Last year, Juneau moved to a mail-in-only voting process for municipal elections, a move that drew some criticism because of the known fraudulent abuses associated with widespread mail-in voting. Despite these concerns the recent Oct. 5 election, in which residents voted for mayor, three school board seats and two assembly members, was also conducted as mail-in only.
One consequence of this approach is that voters won’t know the preliminary results of the election until Oct. 8, three days after the election. Compounding the problem is the fact that Juneau is not equipped to count its own ballots, and has contracted with the Municipality of Anchorage to do the tabulation. This is the same approach used last May.
In order to get ballots to Anchorage, they must first arrive at the Juneau vote centers or drop boxes. They are then reviewed and transported to Anchorage for processing on Oct. 7.
According to an Oct. 6 notice from the city, an election team will work with Anchorage officials to review ballots. Any voter whose ballot envelope is deemed “deficient” for any reason (such as lack of voter signature or personal identifier) will be sent a “Cure Letter” and they must follow the instructions on the cure letter prior to October 19.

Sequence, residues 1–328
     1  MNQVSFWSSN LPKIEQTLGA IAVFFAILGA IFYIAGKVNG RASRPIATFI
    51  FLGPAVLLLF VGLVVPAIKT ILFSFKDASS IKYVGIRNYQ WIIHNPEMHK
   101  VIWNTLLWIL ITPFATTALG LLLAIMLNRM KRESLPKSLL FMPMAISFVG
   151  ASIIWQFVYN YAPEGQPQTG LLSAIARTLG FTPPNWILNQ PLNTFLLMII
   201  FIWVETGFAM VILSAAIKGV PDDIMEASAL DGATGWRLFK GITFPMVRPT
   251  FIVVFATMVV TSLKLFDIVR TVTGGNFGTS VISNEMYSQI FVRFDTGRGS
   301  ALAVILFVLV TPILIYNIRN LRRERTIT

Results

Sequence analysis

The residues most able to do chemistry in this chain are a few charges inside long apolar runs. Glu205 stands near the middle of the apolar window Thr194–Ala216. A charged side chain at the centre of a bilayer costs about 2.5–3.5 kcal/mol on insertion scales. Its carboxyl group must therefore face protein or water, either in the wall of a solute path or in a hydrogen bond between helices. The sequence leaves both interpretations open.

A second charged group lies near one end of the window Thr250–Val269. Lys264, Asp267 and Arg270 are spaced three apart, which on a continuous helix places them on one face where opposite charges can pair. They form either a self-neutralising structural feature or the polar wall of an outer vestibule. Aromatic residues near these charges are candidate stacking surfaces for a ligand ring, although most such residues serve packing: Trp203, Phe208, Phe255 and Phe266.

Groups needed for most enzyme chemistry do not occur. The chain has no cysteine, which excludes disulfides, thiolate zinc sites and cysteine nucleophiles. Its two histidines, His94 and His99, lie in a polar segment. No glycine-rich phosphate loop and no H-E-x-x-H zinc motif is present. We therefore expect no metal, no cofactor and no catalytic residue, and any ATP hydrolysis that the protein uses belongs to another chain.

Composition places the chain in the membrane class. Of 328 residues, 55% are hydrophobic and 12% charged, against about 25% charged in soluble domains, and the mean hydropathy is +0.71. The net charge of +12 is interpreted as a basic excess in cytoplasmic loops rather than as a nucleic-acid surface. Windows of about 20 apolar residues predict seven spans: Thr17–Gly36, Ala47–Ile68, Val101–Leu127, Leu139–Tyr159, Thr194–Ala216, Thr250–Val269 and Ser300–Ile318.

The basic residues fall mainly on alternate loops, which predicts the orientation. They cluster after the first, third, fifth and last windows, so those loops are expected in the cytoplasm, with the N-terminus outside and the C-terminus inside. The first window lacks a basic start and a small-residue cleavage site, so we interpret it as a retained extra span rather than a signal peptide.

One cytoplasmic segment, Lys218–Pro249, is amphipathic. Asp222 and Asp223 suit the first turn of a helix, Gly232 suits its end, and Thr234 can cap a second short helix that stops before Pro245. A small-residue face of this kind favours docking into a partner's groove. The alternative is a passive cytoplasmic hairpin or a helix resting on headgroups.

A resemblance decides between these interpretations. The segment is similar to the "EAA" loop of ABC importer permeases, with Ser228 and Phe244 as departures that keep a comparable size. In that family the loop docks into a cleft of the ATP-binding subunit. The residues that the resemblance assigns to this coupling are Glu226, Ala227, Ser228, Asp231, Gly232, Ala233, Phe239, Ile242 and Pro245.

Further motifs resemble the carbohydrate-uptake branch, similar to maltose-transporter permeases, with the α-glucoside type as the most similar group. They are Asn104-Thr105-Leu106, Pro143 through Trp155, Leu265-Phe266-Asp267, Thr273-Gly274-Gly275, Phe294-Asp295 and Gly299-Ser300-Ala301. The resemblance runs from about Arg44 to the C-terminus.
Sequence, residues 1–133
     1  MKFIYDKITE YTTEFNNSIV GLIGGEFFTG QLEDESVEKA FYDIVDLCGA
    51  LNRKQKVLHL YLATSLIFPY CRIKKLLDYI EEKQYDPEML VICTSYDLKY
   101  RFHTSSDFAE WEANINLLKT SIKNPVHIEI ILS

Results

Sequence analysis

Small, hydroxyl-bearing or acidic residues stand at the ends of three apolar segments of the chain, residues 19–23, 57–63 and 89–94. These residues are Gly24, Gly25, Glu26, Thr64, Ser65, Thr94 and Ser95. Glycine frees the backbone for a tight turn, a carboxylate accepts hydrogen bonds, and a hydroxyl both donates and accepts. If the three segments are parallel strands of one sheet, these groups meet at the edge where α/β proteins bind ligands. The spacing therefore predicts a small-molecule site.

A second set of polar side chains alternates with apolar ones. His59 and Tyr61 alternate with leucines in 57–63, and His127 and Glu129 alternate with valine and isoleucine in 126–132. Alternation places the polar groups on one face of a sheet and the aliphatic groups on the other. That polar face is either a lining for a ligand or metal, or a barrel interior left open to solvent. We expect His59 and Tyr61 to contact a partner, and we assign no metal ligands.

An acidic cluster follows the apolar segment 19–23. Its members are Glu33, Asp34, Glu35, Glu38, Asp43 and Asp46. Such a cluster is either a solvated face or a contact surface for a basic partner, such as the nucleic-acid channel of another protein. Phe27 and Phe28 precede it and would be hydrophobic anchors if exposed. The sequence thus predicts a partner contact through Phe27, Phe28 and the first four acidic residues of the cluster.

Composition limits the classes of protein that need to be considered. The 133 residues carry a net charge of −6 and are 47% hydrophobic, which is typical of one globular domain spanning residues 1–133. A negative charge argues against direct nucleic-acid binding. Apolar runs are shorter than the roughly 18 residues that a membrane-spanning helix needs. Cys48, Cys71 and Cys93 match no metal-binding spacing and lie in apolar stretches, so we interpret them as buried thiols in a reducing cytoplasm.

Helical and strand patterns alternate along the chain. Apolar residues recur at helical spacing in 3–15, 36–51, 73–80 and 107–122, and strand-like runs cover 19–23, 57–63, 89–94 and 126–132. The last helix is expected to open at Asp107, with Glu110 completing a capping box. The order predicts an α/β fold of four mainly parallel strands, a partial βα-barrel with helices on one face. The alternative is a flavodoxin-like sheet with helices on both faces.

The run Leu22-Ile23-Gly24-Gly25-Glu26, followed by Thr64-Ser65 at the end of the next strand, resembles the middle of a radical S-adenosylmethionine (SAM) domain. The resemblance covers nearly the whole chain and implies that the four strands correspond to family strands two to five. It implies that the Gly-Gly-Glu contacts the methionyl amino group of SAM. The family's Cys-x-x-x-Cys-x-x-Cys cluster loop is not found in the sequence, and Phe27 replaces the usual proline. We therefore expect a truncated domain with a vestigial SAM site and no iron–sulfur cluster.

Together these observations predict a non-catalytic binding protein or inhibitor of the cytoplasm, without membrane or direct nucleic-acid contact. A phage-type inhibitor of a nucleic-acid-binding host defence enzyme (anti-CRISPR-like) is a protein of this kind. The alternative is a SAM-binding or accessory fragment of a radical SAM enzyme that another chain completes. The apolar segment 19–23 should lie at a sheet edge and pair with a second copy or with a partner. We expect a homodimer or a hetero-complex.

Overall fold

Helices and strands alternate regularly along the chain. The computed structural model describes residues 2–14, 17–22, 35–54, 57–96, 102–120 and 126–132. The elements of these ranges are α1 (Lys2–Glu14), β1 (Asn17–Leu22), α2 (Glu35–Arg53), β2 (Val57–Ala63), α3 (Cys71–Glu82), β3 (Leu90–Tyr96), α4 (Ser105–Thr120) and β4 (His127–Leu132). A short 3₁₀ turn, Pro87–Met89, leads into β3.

Ballots received before October 19, but postmarked on or before October 5, will be sorted, reviewed, verified or sent cure letters, and ultimately tabulated. Those votes will be added to final results for certification.
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On Oct. 8, a “preliminary tally of all ballot return envelopes received through mail, at Juneau Vote Centers, and in the Secure Ballot Drop Boxes will be published on the Juneau website as “unofficial results.” Review work will continue on mailed ballots, and additional “unofficial results” will be posted and updated online as they become available.
The election could be certified by Oct. 19, but Juneau code allows the Canvas Review Board to continue working for up to three days. This means it is possible the certification of election results may take longer if the board works beyond October 19.
Last month, the Juneau Assembly appropriated $700,000 to fund its own ballot processing center which is expected to be operational next year.